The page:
“London seemed so measured, so predictable; the America the rest of my émigré family lived in seemed so content; while the real Russians seemed truly alive, had the sense that anything was possible.”

The remarkables
Yana Yakovleva vs FDCS (Drug Enforcement Agency)
Gold Digger Academy
Vitaly Djomochka
Black Widows
Jambik Hatohov
Ruslana Korshunova vs Rose of the World
Anastasia Drozdova
Post-Soviet Sects
Ostankino Tower

“The English stack their sentimental junks and dirty secrets far away in the garden shed; the Germans have “Keller”, basements, deep underground to hide all their dark memories. But in Russia you just throw it on the balcony; just as long as it isn’t in the flat itself, who cares if the neighbours see? We’ll deal with all that rubbish some other time. It’s not even part of us.”

Book reviews
The Wall Street Journal
The Guardian
The New York Times

By The Book by Pamela Paul (2014)

David Sedaris suggested Nothing to Envy: Ordinary Lives in North Korea / Harry Potter audiobooks read by Stephen Fry / Is There No Place on Earth for Me?

Dave Eggers mentioned Stories Not for the Nervous (a Hitchcock collection).

Scott Turow loved Adam Johnson’s The Orphan Master’s Son.

Arnold Schwarzenegger was reading Incognito by David Eagleman.

“I’m always close to tears reading Judith Kerr‘s delightful children’s story The Tiger Who Came to Tea. It tells of a tiger who turns up, quite unexpectedly, at teatime at the house of a girl called Sophie and her mother. You’d expect them to panic, but they take the appearance of this visitor entirely in their stride– and their reaction is a subtle invitation for us to approach life’s unexpected challenges with resilience and good humour.” –Alain de Botton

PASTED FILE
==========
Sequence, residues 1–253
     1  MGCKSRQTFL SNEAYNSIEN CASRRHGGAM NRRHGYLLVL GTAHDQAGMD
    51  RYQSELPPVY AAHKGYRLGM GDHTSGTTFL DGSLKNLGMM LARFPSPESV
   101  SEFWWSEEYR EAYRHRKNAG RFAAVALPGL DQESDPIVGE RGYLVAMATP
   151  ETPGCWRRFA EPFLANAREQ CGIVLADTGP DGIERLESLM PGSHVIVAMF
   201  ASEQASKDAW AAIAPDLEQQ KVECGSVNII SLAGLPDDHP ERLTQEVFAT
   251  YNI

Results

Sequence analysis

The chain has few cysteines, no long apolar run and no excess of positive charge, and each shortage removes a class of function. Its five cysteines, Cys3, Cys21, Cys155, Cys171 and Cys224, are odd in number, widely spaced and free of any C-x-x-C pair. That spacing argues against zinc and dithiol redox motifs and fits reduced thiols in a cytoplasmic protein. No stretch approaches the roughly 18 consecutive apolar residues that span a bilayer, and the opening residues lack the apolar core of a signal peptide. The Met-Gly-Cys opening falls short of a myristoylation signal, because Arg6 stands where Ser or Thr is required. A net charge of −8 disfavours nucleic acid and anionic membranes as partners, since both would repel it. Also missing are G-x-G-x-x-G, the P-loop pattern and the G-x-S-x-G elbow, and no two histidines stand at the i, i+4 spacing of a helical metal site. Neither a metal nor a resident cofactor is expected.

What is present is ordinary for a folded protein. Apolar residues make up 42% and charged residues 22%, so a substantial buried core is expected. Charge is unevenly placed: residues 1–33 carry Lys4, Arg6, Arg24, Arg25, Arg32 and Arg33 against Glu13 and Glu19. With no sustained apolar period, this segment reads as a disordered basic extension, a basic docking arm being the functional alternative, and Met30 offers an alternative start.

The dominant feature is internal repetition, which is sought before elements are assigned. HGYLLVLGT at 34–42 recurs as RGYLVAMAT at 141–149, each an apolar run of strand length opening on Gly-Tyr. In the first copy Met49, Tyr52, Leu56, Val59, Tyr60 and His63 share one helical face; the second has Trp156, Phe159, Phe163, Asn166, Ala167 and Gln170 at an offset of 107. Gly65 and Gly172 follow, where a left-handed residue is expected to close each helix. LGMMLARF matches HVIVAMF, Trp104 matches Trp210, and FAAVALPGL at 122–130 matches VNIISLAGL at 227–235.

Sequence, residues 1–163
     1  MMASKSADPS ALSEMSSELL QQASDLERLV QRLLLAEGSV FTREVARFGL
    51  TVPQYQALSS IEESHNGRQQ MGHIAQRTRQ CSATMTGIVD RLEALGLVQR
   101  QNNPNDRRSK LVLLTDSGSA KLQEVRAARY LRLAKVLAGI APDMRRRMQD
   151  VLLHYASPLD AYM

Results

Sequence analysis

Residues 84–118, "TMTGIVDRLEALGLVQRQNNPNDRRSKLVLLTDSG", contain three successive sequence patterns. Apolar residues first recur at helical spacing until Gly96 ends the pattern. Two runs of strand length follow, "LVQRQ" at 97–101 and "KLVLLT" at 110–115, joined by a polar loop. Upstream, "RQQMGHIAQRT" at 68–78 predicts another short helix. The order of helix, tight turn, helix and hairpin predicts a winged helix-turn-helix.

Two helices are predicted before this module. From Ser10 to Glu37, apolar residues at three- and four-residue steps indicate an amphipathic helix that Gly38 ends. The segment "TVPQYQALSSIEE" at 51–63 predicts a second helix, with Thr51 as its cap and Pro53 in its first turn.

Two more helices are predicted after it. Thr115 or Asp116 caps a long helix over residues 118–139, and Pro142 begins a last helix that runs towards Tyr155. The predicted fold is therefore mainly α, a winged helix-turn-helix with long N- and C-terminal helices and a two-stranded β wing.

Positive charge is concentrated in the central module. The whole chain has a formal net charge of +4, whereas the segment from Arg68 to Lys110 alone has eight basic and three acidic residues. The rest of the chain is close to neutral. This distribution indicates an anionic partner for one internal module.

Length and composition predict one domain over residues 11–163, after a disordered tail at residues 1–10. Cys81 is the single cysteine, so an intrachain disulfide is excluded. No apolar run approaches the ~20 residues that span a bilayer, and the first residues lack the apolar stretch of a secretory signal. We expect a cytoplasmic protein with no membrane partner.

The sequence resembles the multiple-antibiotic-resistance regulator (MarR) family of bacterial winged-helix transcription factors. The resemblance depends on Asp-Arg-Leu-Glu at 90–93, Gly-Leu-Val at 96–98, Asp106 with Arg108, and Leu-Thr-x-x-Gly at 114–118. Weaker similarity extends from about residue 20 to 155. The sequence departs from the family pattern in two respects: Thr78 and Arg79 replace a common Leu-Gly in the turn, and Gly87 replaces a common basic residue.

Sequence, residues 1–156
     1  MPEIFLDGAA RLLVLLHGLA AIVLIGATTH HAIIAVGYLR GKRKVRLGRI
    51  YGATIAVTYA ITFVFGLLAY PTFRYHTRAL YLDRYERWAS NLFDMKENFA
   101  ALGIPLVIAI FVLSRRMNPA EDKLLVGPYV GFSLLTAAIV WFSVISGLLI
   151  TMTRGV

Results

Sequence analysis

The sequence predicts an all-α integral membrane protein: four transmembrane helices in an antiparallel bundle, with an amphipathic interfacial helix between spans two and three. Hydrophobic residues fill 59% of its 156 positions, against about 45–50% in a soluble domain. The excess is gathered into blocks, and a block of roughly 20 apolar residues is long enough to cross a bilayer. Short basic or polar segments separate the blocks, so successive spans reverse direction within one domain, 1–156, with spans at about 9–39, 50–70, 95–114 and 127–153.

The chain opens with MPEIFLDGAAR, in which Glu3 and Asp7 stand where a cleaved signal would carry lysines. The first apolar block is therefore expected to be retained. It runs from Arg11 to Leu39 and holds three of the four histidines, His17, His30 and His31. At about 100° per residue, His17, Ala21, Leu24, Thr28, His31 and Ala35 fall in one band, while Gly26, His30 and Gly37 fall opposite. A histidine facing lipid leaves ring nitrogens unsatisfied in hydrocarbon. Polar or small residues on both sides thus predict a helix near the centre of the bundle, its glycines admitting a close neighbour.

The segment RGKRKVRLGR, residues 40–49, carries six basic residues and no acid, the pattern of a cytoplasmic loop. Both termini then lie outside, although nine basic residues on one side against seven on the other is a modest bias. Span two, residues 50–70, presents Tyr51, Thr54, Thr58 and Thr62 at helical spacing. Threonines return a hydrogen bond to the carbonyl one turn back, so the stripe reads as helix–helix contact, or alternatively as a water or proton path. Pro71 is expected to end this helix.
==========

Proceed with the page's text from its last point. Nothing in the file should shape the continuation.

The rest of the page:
“The most pleasurable reading experience I’ve had recently was just last week– jogging on the beach with an audiobook of Malcolm Gladwell’s What the Dog Saw. I was so engrossed in his essay “The Ketchup Conundrum” that I ran an extra mile just to find out how it ended.” –Dan Brown

Christopher Buckley is the author of Thank You for Smoking, Losing Mum and Pup, and But Enough About You, among other books.

(Interview with Sting)
If you could require the president to read one book, what would it be?
Meditations, by Marcus Aurelius––Stoicism and the limitations of power.
“When you wake up in the morning, tell yourself: The people I deal with today will be meddling, ungrateful, arrogant, dishonest, jealous and surly. They are like this because they can’t tell good from evil. But I have seen the beauty of good, and the ugliness of evil, and have recognized that the wrongdoer has a nature related to my own– not of the same blood of birth, but the same mind, and possessing a share of the divine.”

(Interview with Amy Tan)
What book has had the greatest impact on you?
Probably the Bible… …Many of my stories also relate to undoing handed-down beliefs, whether they come from religion, society, or mothers. And my writing sensibility was also warped by a steady dose of gothic imagery, often related to religious sins or virtue: David braining Goliath, Samson’s bloody head missing a lock of hair, a stinking corpse arising to be kissed by relatives.


jacket illustration by Jillian Tamaki

The Embassy of Cambodia by Zadie Smith (2013)

“There’s always somebody who wants to be the Big Man, and take everything for themselves, and tell everybody how to think and what to do. When, actually, it’s he who is weak. But if the Big Men see that you see that they are weak they have no choice but to destroy you. That is the real tragedy.”

“Next time, we should go to Paris. Next time, we should go to the moon. He was a dreamer. But there are worst things, than being a dreamer.”

About  Zadie Smith